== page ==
South Africa


Parliamentarians miss the boat on SAHRC July unrest hearings amid focus on economic support and arrests

Parliamentarians miss the boat on SAHRC July unrest hearings amid focus on economic support and arrests
Residents carry looted goods from department stores and shops in the area of Soweto, near Johannesburg, South Africa, on 12 July 2021. (Photo: EPA-EFE / KIM LUDBROOK)

As Parliament’s police committee hearings into the July public disorder look set to start only in 2022, at least some oversight and accountability work is being done by the SA Human Rights Commission in its investigative hearings.

Bongani Mkhize can no longer do his job – drive a bus. He was shot in the back on 14 July when he ran from vigilantes’ bullets after his car was stopped by a security company at Wentworth, eThekwini. Unable to get up after being shot, and hiding, he repeatedly phoned his brother to come help him. Eventually the brother reached him with a metro police escort, the South African Human Rights Commission (SAHRC) heard on Tuesday. 

Mkhize was taken to a public hospital by 8pm, but was told a doctor would see him only the next day because of the “heavy workload”. He thought it was a joke. But he was left lying for 17 hours with a bullet in him.

“Nurses kept giving me pills and told me the doctor will only come the next day,” he testified. 

“[The bullet] was poisoning because it was scattering in the abdomen,” he testified in isiZulu through an interpreter. “They told me one of my intestines was damaged and they would have to put in something called a stoma that will help me with bowel movement.”  

Mkhize has another appointment at the public hospital on 31 January 2022 to determine whether the stoma can be removed. 

No update has come from police on the complaint Mkhize laid at Wentworth police station; no police official came to the hospital. 

When he called the investigating officer, he was informed there was nothing to report because the case docket, one of many, had not yet been studied. The case also included the vandalism of his car, which when finally recovered had been trashed, with both windscreens smashed, seats and tires “stabbed” and the roof damaged. 

It was Day 7 of the SAHRC’s investigative hearings into the July public disorder and looting in KwaZulu-Natal and Gauteng that erupted after ex-president Jacob Zuma went to jail for contempt of court for snubbing the State Capture commission. He served some two months of the 15-month sentence before being released on medical parole on 5 September.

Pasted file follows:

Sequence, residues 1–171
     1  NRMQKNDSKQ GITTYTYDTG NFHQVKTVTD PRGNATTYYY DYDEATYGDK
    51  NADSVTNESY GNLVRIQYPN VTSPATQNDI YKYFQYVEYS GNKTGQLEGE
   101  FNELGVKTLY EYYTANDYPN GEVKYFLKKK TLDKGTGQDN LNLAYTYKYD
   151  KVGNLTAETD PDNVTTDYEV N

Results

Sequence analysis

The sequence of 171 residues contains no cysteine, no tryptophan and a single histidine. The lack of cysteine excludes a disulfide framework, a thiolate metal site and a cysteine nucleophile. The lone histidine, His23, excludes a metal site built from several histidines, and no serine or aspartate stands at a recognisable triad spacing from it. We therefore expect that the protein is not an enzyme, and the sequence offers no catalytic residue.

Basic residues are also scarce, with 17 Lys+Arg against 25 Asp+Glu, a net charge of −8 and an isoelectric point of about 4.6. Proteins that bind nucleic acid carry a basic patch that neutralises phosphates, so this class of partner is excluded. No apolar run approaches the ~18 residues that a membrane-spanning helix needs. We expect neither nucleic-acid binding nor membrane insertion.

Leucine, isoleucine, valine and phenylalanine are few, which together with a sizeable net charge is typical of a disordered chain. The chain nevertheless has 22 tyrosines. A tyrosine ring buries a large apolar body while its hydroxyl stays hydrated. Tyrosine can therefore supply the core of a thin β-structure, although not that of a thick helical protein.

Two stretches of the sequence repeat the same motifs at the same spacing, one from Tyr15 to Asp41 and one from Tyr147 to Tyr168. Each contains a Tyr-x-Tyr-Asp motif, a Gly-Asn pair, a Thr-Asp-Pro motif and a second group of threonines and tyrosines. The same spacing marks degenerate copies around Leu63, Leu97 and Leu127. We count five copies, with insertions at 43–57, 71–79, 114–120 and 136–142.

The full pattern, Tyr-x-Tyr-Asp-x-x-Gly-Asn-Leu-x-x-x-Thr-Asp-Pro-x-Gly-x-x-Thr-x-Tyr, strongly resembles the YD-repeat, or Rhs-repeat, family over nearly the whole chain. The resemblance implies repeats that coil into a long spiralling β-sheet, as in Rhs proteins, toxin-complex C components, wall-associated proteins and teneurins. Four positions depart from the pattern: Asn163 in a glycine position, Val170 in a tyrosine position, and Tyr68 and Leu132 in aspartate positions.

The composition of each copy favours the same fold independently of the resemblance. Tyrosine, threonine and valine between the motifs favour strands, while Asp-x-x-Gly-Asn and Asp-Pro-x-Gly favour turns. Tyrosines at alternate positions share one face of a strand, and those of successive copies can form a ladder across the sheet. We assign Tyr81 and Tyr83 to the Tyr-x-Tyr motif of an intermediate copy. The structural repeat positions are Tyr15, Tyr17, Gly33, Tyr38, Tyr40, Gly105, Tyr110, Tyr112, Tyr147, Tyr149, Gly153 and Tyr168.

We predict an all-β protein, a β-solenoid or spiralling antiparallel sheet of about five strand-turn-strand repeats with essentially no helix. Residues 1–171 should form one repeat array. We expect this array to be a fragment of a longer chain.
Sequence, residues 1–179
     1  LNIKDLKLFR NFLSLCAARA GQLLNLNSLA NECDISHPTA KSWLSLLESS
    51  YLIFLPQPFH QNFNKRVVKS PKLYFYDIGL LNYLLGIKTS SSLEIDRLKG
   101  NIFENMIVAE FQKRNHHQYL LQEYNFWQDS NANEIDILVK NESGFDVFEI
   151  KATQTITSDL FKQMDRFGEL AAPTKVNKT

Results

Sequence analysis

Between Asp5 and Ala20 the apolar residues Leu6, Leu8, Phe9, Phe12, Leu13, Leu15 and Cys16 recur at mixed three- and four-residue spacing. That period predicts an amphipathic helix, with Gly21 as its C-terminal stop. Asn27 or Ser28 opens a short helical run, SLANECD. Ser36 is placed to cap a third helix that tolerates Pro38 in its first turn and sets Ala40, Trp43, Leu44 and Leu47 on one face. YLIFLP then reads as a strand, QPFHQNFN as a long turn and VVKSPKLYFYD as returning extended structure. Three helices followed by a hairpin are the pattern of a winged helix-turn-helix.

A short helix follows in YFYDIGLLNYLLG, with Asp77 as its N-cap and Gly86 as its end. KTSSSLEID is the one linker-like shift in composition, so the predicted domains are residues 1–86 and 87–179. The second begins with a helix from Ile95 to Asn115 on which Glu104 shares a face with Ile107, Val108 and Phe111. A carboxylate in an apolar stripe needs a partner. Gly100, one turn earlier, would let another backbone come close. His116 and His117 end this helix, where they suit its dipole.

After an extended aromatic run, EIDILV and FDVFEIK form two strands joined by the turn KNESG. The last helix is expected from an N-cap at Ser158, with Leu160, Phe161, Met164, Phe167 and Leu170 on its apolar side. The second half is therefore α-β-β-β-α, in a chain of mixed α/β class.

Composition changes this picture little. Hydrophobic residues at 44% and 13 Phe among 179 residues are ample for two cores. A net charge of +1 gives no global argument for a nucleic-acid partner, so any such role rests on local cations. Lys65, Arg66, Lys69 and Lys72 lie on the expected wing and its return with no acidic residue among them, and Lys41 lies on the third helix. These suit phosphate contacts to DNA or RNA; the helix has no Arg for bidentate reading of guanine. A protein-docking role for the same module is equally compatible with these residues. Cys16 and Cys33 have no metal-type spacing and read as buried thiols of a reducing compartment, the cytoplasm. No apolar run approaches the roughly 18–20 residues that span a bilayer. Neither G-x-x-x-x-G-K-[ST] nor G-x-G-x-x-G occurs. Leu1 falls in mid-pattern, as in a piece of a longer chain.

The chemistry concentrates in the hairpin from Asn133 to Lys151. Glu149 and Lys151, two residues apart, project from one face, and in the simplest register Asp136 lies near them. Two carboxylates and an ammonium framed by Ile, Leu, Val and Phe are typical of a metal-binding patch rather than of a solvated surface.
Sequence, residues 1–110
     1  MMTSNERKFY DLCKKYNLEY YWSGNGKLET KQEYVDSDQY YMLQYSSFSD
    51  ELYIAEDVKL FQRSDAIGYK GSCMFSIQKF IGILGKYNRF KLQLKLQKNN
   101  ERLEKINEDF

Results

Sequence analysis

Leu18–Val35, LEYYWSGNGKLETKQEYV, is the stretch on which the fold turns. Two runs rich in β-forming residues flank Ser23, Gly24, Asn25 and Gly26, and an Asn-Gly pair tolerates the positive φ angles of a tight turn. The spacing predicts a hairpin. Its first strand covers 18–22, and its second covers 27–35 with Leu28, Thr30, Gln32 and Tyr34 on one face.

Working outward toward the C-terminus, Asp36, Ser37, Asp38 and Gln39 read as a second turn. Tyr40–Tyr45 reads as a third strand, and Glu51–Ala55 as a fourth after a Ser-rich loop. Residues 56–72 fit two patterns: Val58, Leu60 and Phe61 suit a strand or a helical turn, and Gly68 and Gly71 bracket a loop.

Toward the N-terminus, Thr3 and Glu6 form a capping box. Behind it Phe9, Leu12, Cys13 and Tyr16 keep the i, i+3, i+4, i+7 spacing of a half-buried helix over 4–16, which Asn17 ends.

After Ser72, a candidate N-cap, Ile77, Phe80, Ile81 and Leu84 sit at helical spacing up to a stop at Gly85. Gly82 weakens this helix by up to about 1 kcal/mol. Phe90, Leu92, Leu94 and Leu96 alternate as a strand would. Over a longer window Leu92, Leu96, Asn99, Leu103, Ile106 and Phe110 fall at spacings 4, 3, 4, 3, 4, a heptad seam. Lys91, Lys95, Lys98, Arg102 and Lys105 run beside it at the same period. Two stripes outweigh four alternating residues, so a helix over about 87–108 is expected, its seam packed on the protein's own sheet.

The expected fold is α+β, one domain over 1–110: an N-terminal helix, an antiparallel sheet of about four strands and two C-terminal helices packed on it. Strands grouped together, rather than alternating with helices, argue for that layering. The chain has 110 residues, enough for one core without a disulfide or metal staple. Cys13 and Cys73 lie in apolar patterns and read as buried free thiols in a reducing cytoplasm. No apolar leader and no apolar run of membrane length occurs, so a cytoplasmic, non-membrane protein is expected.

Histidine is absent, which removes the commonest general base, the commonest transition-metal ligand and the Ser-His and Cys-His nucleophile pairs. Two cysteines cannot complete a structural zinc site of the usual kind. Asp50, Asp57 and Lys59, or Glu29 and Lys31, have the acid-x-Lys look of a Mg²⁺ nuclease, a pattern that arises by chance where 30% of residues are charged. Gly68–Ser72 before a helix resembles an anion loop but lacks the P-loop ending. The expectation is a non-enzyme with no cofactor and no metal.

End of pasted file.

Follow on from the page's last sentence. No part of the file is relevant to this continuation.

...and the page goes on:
“I would like the culprits to be punished. And I’d like for the government to come on board in terms of giving us support because some of us lost jobs,” Mkhize said. 

“I was very saddened. However, because I have my family that gives me great support, I have accepted the situation. I realise it will not help me to carry on being sad.” 

Mkhize’s testimony brings home the devastation, and continuing impact on individuals, families and communities from those eight days in July.  

It stands in stark contrast to the government’s emphasis on its support to businesses and its special risk insurer, Sasria; of quantifying the economic impact as having shaved off almost one percentage point from South Africa’s gross domestic product; of briefings to assure investors and diplomats; and of haphazard police responses amid lack of intelligence. 

That stance again emerged in Parliament – over two days in different Houses. 

“We could have done more. We have learned our lessons,” was Deputy Police Minister Cassel Mathale’s reply on Wednesday in the National Assembly.  

And that meant putting police on standby to deal with threats doing the rounds, as IFP Chief Whip Narend Singh put it, of possible looting over this special deals weekend starting with what’s dubbed Black Friday. 

Mathale also named the arrests of 17 so-called instigators – all but one are out on bail – as part of the SAPS’s action. 

“The investigations are continuing. The possibility of additional arrests is not ruled out.” 

As far back as 19 August, the parliamentary justice committee was told of a total of 857 cases with 1,549 accused in relation to the July violence.  

When the July public disorder and violence was last discussed in Parliament in mid-August, following a spate of committee visits to both provinces, the sessions were mired in politicking and blame-shifting

In Wednesday’s security ministerial cluster Q&A, International Relations Minister Naledi Pandor acknowledged the “significant impact on our economy” from the July violence, but also of immediate steps taken to restore transportation links to southern Africa and elsewhere.